Point of View

A program with a small cost, big effect for healthy NC babies

April 23, 2013 

There’s a reason that a baby can make otherwise staid adults talk in gibberish and make goofy faces. Every baby is a wonder. As a dad, I see all the potential in a baby, and I know that the future prosperity of our state depends on this new generation.

As director of Maternal Fetal Medicine at Eastern Carolina University’s Brody School of Medicine, I know far too well the wonder of how many things have to go just right for a baby to make it to her first birthday.

It starts with the health of the parents before the baby is even born and continues with strong communities to assure that young families have the knowledge and resources they need to navigate new parenthood with good medical care.

North Carolina has an array of services in place that address these many different factors. However, the funding to keep many of these essential programs going will soon expire. The total cost for this bundle of seven programs is $1.63 million – about the medical costs of two babies born with spina bifida or the first-year hospital costs of six babies born very prematurely.

The Child Fatality Task Force, a legislative study commission, recommends maintaining this array of services through a Healthy Babies Bundle designed to address every aspect of infant mortality reduction, including preconception, pregnancy, birth and first-year-of-life with a focus on geographic areas of high need.

Health before pregnancy: Healthy women tend to have healthier babies. That’s why the Healthy Babies Bundle includes two complementary approaches to promoting preconception health. The NC Preconception Health Campaign works with women and health care providers to ensure women are healthy prior to conception using folic acid distribution and other evidence-based strategies. The N.C. Healthy Start Foundation works closely with community-based organizations to assure that local programs use evidence-based practices that improve women’s health.

Health during pregnancy: While it is widely known that tobacco use before, during and after pregnancy is harmful to the mother and her child, not all doctors are specifically trained in how to best help pregnant women stop smoking. That’s why the bundle includes You Quit Two Quit, which provides training and technical assistance to physicians, nurse practitioners and others to help assure that pregnant women are screened for tobacco use and then offered evidence-based assistance to reduce or stop.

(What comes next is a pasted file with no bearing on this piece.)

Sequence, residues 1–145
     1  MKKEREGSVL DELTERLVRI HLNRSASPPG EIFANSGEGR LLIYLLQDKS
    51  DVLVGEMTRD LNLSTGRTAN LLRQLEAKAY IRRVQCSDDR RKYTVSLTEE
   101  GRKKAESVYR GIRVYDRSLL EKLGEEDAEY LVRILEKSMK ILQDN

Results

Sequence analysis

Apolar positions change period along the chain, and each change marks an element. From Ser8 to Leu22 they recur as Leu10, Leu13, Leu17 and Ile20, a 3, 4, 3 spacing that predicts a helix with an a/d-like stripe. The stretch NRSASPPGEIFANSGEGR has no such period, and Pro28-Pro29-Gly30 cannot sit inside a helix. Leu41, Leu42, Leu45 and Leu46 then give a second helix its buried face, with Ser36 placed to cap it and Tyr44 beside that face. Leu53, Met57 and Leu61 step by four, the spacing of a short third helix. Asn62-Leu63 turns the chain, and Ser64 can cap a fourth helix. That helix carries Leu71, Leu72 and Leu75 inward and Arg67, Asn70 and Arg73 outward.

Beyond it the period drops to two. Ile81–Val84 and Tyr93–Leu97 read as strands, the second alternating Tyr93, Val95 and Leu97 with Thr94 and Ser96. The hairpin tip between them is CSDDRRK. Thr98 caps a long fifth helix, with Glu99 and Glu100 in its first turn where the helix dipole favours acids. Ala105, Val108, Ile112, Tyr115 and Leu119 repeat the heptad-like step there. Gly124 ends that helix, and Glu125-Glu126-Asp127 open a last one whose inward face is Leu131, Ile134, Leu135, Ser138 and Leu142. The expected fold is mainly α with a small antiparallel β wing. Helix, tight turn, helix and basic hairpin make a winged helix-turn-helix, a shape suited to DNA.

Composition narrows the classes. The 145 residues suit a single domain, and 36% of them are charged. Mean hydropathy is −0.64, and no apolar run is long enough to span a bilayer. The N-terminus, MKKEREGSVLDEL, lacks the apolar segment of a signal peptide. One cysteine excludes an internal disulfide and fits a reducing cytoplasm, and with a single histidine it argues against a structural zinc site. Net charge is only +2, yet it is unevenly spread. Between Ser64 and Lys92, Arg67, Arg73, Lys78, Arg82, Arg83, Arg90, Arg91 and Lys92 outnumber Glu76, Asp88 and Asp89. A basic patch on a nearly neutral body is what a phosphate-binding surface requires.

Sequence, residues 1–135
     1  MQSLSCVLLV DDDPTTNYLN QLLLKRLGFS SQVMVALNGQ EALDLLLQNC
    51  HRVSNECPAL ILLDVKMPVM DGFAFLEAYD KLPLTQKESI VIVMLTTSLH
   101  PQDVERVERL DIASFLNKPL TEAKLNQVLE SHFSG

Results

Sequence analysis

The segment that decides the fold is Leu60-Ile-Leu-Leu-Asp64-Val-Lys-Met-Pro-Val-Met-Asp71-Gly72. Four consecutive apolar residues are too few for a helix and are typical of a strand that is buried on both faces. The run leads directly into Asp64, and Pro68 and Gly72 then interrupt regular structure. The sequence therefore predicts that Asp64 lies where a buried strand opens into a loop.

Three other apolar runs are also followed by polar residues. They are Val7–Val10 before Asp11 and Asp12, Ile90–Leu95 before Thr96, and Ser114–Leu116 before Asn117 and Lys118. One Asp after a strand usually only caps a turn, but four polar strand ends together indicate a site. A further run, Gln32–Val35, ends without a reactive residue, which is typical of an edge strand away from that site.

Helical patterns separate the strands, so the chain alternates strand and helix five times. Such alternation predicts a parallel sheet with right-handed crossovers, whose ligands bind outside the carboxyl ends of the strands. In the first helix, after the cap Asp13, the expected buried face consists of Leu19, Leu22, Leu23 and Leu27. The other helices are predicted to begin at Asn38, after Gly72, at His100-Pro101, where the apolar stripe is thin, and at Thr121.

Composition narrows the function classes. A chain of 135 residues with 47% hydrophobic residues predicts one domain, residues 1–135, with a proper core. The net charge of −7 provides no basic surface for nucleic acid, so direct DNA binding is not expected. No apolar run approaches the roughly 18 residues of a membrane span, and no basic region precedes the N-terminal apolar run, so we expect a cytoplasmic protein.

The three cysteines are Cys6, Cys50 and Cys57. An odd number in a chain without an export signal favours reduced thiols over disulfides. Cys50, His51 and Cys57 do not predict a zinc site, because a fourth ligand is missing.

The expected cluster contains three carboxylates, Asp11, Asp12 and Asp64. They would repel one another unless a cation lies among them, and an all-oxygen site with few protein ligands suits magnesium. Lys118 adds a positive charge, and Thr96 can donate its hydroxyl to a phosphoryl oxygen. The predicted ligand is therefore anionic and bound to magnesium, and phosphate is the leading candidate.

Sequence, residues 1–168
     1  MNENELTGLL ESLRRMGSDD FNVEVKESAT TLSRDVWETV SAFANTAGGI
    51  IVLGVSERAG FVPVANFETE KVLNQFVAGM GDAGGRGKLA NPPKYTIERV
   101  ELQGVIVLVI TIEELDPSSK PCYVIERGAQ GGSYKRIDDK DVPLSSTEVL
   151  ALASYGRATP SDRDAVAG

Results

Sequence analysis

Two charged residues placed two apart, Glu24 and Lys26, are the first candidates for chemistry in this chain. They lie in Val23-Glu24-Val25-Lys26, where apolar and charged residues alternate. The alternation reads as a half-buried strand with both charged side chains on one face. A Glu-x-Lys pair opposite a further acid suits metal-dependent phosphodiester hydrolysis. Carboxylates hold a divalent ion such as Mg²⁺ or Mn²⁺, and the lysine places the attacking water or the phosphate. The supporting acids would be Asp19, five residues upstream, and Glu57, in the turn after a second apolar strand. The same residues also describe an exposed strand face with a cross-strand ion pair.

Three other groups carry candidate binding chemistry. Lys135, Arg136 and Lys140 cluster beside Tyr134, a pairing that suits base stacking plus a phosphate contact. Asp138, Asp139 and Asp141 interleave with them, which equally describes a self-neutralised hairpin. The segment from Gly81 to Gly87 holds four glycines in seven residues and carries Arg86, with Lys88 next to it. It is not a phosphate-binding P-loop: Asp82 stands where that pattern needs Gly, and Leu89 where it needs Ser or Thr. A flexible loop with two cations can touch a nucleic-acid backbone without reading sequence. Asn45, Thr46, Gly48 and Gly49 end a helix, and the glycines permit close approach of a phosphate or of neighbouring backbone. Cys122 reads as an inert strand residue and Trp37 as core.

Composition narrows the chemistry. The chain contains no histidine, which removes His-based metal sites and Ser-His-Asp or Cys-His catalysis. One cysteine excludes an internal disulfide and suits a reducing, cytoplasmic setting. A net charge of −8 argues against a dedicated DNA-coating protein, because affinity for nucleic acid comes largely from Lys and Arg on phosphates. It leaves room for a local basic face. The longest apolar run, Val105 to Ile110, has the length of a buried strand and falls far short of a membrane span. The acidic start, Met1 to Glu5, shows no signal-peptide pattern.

Access to specialized prenatal care: The Healthy Babies Bundle arms providers with 17-Progestrone – a proven effective medication that can help women who have had a previous preterm birth carry a baby longer – often to full term – the next time around. The Healthy Babies Bundle also includes funding for the ECU High Risk Maternity Clinic, which provides clinical care to women with high-risk pregnancies and technical support to their doctors in 27 Eastern counties – an area with some of the highest rates of infant mortality in the country.

Best hospital practices: Sometimes people think that experts in hospitals “just know” what to do, but they need information, training and support as well. That’s why the bundle includes services to further strengthen hospital practices. The Perinatal Quality Collaborative of NC promotes time-limited quality-improvement projects. The most recent initiatives have successfully reduced infections, decreased early elective c-sections and increased exclusive use of maternal milk.

First year of life: Even after the baby is born, communities need to support families in safe sleep practices and breastfeeding. The Infant Safe Sleep Campaign works with parents, grandparents, child care providers, hospital staff and community agencies to reduce infant sleep-related deaths.

Just as it takes many factors to go right for a baby to be born healthy and grow up strong, it takes a bundle of services to assure a sound community infrastructure to get there. In North Carolina, both the Senate and House have shown their commitment to reducing infant mortality by directly funding these programs in the past. It is working. We need to continue this investment for healthy babies today and a stronger North Carolina tomorrow.

Jeff Livingston, M.D., lives in Winterville.

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